Uneasy bedfellows they obviously are, but what are the dynamics of the ASEAN – Burma relationship?
When the Association of Southeast Asian Nations (ASEAN) was being established in 1967, Burma was approached to be a founding member. Rangoon declined, citing the principle of strict neutrality as a barrier to joining an organisation perceived to be an imperialist tool. That attitude persisted for two decades. But the emphatic international condemnation of the bloody crackdown on the pro-democracy movement of 1988 changed the mindset. The military junta, named the State Peace and Development Council (SPDC) in 1997 before which it was known as the State Law and Order Restoration Council (SLORC), realised that in order to survive it must end its self-imposed isolation and find regional friends.
The fall of the Berlin wall in 1989 also altered the political landscape of Southeast Asia. In the region’s hotspot, Cambodia, a 14-year-old conflict was brought to an end two years later, enabling former foes such as Vietnam and the rest of the Indochinese states, including Cambodia and Laos, to reconcile their present and forget their past. Their admission to ASEAN in the late 1990s was a watershed event in regional politics, marking the closure of the ideological spit forced by the Cold War. Burma’s return to the Non-Aligned Movement (NAM) in 1992, after it had departed in 1979, was indicative of its desire to rejoin the international community.
Almost three decades after the initial tentative contact, both Burma and ASEAN found themselves in need of each other for different reasons. Following the crackdown on the democratic movement, the Burmese regime wanted to shore up support within the region amid growing pressure from the West as well as international organisations. On the one hand, ASEAN’s cardinal principle of non-intervention in the domestic politics of member countries suited Burma’s diplomatic offensive very well. On the other hand, ASEAN’s interest in admitting Burma was prompted primarily by its serious concern with China’s expansion southward towards the Indian Ocean. Reports of a Chinese naval presence in Burma prompted senior ASEAN officials to conclude in a 1995 Bangkok meeting that the only way to counter Beijing’s growing influence was to embrace Rangoon regardless of its brutal regime and underdeveloped economy.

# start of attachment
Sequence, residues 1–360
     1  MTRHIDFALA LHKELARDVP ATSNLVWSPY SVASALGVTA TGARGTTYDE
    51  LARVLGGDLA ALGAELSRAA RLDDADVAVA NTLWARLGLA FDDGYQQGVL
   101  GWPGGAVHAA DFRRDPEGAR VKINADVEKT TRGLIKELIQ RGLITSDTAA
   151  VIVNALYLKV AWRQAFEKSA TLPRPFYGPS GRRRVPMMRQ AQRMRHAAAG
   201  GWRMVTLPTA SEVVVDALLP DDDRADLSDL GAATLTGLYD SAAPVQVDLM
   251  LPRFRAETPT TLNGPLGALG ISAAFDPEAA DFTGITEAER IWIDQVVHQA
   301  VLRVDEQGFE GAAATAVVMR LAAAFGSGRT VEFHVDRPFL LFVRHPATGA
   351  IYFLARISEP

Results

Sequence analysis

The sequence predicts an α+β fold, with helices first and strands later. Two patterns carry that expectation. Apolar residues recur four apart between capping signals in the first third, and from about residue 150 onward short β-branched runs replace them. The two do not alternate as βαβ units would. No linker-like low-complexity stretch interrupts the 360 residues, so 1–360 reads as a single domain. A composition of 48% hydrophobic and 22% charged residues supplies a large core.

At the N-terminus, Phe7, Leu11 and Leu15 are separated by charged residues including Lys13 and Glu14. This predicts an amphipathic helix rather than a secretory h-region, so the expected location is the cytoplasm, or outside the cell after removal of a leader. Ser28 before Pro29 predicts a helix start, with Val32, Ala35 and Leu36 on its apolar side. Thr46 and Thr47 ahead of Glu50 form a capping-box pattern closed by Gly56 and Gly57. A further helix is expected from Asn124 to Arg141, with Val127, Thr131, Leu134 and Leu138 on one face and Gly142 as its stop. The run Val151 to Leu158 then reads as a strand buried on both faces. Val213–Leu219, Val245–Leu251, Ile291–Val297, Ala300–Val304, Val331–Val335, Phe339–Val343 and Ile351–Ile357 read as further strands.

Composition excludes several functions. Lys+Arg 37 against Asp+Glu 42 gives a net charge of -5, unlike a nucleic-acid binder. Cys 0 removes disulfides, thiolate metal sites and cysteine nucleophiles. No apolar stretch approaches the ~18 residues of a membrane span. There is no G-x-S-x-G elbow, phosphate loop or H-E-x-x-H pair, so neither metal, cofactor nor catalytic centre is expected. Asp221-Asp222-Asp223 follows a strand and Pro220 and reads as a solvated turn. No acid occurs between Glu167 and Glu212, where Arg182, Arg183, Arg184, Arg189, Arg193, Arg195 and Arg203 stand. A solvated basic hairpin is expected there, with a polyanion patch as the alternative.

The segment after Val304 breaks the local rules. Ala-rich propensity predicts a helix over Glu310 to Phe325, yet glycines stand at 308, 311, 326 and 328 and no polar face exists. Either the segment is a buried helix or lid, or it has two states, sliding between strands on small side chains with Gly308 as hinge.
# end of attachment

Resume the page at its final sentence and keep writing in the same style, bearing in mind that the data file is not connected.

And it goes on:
This choice was influenced by ASEAN’s view that Burma constitutes a strategic junction in Asia, linking China and India, the world’s most populous countries. Therefore the inclusion of Burma was a better option than leaving it alone in the woods, open to the courting of the two Asian superpowers. Meanwhile, realising the geostrategic predicament of its immediate neighbours, the Rangoon regime has been playing one against the other. For years, Rangoon manipulated its China card effectively against India and ASEAN, playing on the fear of the enlargement of the Chinese sphere of influence. India, once a fervent supporter of the exiled Burmese pro-democracy movement, switched its policy in the first half of the 1990s and began to appease the Rangoon regime in an attempt to neutralise China’s increased presence. Now, New Delhi too has acquired a toehold in Rangoon.